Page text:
December 2017

Chairs Missing

DB Project SpaceDB Project SpaceText: Joel Draper Images: Craig Bender

Artist Run Initiatives a.k.a. ARIs are a crucial wrung on the Australian gallery hierarchy. They provide a platform – an opportunity for intellectual rigour and hands-on experience – for young artists desperately seeking an audience. Very few artists progress directly from their final year show to a commercial or institutional gallery, and that’s where ARIs come in. Directors of these spaces are often practicing artists and act as custodians, providing opportunities that would not otherwise be afforded to younger artists.

Christopher Hanrahan and Elizabeth Reidy may not be household names but they have worked diligently on a number of gallery spaces, including Chalkhorse, Firstdraft, Phatspace and Gallery Wren. Now, Hanrahan has opened the doors of his Surry Hills abode with db projects, to what I’m sure will soon be the flocking masses, hungry for the next big thing in Australian art.

The first time I interviewed Hanrahan, my recording device devilishly didn’t work. While I panicked at home, he basked in the sunshine at a Sheffield Sheild game. I frantically contacted him to explain the situation and he calmly said we could do it again. So, here is take-two of my interview with Christopher Hanrahan, the redheaded art mogul from Phelps Street.


Joel Draper: How was the cricket yesterday?

Christopher Hanrahan: The cricket was great. One-dollar entry and maybe 40 people all up in the crowd at the SCG. Michael [Moran] worried me a little on the way in with a suggestion that perhaps there would be a large crowd in attendance as all the star players would be on show. Thankfully, he was very wrong.

JD: How did db projects get started?

CH: db began somewhat opportunistically. We had a room in our house that was either poorly used or not at all. Both Liz [Reidy] and I had run artist-run spaces in the past and had no desire to revisit that, but felt as though we had a good opportunity to develop a model which would be sustainable and not too taxing on our resources and time.

JD: You run db projects in your house. You’re not the first to do this: there was Marcel Broodthaers in Belgium in the late 1960s, and there have been instances in Australia. One of the most prominent would have been Liz Pulie and Jay Balbi’s Front Room, which was on City Road in Sydney. What is the appeal of running a gallery in your living room? And is the viewing experience different?

CH: The appeal of running a space from home is that it becomes manageable and not too financially draining. While we may sacrifice the ability to host larger works or projects, we can substitute that with focused presentations that have burdens such as space rental (for the artist) and ongoing maintenance (for the directors) removed. This is very similar to the set-up of [Alexandria’s Locksmith Project Space]. The viewing experience is tempered by the fact you are in someone’s home. Most visitors that aren’t close friends certainly enter the space with some trepidation. Further still, we have exacerbated that situation by hosting works in the toilet out the back which means people have to actually walk through the domestic space to get to the second show.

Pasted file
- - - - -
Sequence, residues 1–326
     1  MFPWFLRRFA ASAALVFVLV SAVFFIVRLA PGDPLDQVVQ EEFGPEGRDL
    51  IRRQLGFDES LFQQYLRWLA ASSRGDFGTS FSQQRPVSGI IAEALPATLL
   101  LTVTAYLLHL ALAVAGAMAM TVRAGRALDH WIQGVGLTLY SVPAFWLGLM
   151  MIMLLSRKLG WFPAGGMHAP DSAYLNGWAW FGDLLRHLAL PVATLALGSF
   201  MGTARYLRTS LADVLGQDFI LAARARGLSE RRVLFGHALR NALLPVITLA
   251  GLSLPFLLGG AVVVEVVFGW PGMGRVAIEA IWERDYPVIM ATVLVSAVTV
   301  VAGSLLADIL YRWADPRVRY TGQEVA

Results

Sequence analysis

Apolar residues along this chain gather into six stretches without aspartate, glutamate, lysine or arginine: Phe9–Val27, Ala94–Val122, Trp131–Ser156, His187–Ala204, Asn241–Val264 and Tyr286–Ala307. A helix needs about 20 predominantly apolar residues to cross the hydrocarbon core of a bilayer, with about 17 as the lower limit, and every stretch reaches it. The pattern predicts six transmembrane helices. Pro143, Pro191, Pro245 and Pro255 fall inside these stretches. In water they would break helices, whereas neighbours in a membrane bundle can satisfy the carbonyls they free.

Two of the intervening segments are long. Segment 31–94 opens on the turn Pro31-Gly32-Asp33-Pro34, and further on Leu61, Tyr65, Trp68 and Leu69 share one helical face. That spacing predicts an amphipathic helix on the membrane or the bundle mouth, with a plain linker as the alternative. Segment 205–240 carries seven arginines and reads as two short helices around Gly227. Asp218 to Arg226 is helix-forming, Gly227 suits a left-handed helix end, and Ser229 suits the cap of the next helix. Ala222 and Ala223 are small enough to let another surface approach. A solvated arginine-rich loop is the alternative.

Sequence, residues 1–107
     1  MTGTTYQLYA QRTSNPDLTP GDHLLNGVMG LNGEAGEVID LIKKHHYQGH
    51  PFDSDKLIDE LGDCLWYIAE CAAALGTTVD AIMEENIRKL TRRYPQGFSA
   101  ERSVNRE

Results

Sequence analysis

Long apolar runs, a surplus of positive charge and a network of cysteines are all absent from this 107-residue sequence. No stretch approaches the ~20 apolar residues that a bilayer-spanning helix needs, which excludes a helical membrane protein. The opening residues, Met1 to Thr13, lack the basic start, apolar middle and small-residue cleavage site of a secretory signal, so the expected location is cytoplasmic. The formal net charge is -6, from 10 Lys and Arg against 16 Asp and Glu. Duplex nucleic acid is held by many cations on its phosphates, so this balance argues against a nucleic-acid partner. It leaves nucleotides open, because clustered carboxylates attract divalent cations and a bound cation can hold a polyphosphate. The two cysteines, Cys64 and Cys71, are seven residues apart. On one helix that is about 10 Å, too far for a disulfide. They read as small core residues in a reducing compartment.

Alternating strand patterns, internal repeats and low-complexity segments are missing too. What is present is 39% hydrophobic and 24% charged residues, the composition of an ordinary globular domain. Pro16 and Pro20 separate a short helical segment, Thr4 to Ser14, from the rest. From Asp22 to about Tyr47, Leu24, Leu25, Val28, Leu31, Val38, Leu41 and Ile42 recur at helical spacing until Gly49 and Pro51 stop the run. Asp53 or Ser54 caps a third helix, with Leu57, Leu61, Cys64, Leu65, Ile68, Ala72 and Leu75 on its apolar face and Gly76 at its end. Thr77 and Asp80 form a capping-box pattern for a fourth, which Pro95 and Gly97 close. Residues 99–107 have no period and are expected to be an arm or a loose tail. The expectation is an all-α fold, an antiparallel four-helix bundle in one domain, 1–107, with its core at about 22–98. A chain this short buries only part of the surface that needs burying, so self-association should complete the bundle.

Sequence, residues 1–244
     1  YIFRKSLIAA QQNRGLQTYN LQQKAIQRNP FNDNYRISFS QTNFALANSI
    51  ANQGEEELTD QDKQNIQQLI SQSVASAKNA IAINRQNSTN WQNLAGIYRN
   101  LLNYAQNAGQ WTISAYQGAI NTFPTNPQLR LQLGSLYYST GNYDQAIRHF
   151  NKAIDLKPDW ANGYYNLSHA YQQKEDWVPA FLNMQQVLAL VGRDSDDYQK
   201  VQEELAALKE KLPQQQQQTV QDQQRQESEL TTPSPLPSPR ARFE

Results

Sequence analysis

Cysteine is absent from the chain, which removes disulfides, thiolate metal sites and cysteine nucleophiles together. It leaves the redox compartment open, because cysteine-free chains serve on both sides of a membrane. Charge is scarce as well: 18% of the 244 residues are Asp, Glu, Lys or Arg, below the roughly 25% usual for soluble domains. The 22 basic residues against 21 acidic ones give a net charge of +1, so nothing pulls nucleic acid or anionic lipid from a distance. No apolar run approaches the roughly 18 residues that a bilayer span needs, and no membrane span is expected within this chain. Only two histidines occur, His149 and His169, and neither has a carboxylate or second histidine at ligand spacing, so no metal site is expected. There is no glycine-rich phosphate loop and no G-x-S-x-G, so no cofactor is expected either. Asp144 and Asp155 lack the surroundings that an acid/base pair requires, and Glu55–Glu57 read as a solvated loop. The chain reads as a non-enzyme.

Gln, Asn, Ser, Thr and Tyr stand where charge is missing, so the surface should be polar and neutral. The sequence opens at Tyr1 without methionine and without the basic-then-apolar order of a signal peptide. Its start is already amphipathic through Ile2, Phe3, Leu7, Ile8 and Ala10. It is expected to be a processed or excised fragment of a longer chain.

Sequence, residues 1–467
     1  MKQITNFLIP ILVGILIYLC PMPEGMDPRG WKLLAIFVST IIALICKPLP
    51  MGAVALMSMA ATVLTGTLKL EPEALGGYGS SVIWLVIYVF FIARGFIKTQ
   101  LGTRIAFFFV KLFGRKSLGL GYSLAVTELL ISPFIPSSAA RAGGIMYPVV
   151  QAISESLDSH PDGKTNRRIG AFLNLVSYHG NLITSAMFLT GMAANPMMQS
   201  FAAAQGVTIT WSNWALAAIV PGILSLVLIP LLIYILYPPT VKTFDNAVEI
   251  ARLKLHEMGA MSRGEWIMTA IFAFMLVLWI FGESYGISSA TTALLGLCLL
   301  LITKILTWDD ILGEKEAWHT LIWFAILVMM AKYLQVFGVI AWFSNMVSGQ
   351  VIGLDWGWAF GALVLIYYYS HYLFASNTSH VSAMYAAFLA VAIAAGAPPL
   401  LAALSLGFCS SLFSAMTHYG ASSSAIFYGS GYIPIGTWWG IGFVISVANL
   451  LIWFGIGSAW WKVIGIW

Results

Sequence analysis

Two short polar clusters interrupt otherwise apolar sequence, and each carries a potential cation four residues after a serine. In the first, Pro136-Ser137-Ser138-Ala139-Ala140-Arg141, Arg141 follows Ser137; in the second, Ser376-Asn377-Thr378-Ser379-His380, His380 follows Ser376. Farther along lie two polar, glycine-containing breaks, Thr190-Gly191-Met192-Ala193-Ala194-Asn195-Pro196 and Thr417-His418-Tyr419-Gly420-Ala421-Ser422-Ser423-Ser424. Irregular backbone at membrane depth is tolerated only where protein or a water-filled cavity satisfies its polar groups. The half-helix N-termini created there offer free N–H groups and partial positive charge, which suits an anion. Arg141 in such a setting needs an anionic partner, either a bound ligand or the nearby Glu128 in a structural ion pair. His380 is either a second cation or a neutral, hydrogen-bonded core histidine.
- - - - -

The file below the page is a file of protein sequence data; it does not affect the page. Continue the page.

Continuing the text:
JD: We have spoken before about ARIs being a site of control for the director/artists. I saw Tracey Emin speak a couple of weeks back. She spoke of the Young British Artists opening their own spaces in London’s East End and the power shift that took place. Suddenly the art world had to leave Cork Road and participate on the artists’ terms. Do you feel something similar happening in Sydney?

CH: It’s similar in that the major commercial galleries are predominantly located around Paddington and the city, and the rent in those areas is prohibitive for ARIs – other than that, no. A lot of the focus on those East End spaces came through a tabloid interest in the artists themselves. That, and also a city with more than five major newspapers have a lot of copy to fill. Visual arts in Sydney have to struggle for any mainstream coverage. The coverage it does receive is mediated and, in the end, essentially paid for. So publicity is inherently harder to generate, therefore the collectors with the money to direct or even dictate the market – who you would have to assume are incredibly busy making that money – either don’t know about the spaces or are very selective as to where they put their money. Commercial spaces are seen as a safer investment and there is certainly no Charles Saatchi here.

JD: Do you feel ARIs are given enough attention? With a few new ARIs opening up this year, how do you see the art scene developing in Sydney?

CH: It would be nice to get more interest from art schools but I think that’s something that we will have to initiate, rather than the other way around. What would be great, and a complete shock, would be to see some Curatorial Studies students taking an interest – but they all seem to be dreaming of a job licking envelopes in commercial spaces rather than genuinely developing a serious curatorial practice. The ARI scene seems quite healthy, with some great new spaces mixing well with the existing ones. It’s like a trade fair where people seem to like each other, which is good.

JD: What’s coming up for db?

CH: The Woody Allen Larry David show, which has been postponed until next year because I’m going away, then a veritable cavalcade of visual art and maybe a performance collaboration between Brian Fuata and Michael Moran – hopefully.

DB Project Space

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